Monday Morning Meeting #8

It's time for your favorite meeting of the week.  Let's get started!

The Idea:  Next time you're wondering how others (people, teams or companies) seem to have succeeded so much faster and better than you, remember that you don't get to see all their false starts and failures before their success.  Paul Graham reminds us why: 

Because biographies of famous scientists tend to edit out their mistakes, we underestimate the degree of risk they were willing to take. And because anything a famous scientist did that wasn't a mistake has probably now become the conventional wisdom, those choices don't seem risky either.

Biographies of Newton, for example, understandably focus more on physics than alchemy or theology. The impression we get is that his unerring judgment led him straight to truths no one else had noticed. How to explain all the time he spent on alchemy and theology? Well, smart people are often kind of crazy.

But maybe there is a simpler explanation. Maybe the smartness and the craziness were not as separate as we think. Physics seems to us a promising thing to work on, and alchemy and theology obvious wastes of time. But that's because we know how things turned out. In Newton's day the three problems seemed roughly equally promising. No one knew yet what the payoff would be for inventing what we now call physics; if they had, more people would have been working on it. And alchemy and theology were still then in the category Marc Andreessen would describe as "huge, if true."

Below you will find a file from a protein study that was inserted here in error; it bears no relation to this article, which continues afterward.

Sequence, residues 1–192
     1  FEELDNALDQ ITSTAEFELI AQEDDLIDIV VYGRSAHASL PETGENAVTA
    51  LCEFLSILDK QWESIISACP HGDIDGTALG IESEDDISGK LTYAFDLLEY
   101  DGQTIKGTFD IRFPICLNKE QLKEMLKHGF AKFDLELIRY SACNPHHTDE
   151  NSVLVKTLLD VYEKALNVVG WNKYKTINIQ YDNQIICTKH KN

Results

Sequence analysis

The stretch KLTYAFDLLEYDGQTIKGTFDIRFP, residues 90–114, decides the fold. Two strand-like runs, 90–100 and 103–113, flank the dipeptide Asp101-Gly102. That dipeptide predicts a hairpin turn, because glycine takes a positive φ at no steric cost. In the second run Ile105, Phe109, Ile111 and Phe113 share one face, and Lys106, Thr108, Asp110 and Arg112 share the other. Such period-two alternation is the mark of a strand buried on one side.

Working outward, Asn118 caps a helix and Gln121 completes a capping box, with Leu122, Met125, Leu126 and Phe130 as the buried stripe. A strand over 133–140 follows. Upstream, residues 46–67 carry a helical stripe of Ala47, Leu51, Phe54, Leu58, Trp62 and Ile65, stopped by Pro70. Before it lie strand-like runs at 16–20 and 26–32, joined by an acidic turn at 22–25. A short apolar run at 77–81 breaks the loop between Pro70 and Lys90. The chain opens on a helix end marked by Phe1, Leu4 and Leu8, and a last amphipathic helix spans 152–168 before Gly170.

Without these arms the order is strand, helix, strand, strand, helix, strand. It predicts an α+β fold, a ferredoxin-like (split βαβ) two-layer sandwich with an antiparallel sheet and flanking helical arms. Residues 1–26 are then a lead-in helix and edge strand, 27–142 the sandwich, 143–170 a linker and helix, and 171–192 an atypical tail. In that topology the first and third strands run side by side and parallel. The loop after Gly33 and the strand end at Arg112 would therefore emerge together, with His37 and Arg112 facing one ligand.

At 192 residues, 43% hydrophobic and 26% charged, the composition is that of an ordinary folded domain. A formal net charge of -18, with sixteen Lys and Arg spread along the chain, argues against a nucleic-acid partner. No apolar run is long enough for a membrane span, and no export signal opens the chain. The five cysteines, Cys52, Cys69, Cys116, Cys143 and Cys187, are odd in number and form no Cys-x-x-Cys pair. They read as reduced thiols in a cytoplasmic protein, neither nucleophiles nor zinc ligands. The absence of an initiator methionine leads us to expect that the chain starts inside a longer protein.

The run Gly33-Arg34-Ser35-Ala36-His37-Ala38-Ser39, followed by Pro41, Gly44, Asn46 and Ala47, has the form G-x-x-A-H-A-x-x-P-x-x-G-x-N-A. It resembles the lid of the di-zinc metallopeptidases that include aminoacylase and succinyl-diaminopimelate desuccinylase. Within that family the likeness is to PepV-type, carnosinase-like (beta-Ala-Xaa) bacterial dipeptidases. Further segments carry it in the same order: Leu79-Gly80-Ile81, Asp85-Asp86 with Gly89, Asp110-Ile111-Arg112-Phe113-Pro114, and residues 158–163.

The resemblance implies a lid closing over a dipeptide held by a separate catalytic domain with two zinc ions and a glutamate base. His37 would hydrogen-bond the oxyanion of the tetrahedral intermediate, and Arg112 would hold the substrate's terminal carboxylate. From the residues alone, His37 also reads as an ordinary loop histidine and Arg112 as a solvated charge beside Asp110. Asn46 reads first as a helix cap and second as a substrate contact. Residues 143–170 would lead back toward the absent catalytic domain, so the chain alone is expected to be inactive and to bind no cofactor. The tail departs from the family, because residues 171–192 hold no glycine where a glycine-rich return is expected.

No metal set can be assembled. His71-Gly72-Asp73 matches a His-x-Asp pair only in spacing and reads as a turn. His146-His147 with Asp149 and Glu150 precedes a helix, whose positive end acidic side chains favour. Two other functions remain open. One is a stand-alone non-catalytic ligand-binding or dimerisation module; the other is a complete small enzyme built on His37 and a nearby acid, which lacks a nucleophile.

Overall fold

Newton made three bets. One of them worked. But they were all risky.

The Video:  Forget cowbell, we can never get enough Saul Bass.


Deep Work by Cal Newport teaches us the importance of taking time for real focus.  Since I've read it, I'm carving out 60-90 minutes every morning to just think about stuff -- before email, before social media and before jumping into the rest of my day.

The Quote:

"Hours are never the differentiator — it’s never about working more hours than someone else. It’s about the decisions you make. How you spend your time, what you do and don’t do. Especially what you don’t do.  You’ll have more opportunities to waste time than use time. If you’re going to measure hours, the ones worth measuring are the ones you don’t waste, not the ones you spend." - Jason Fried

The Links:

That's it.  Meeting's over.  See you next week!

Matthew Homann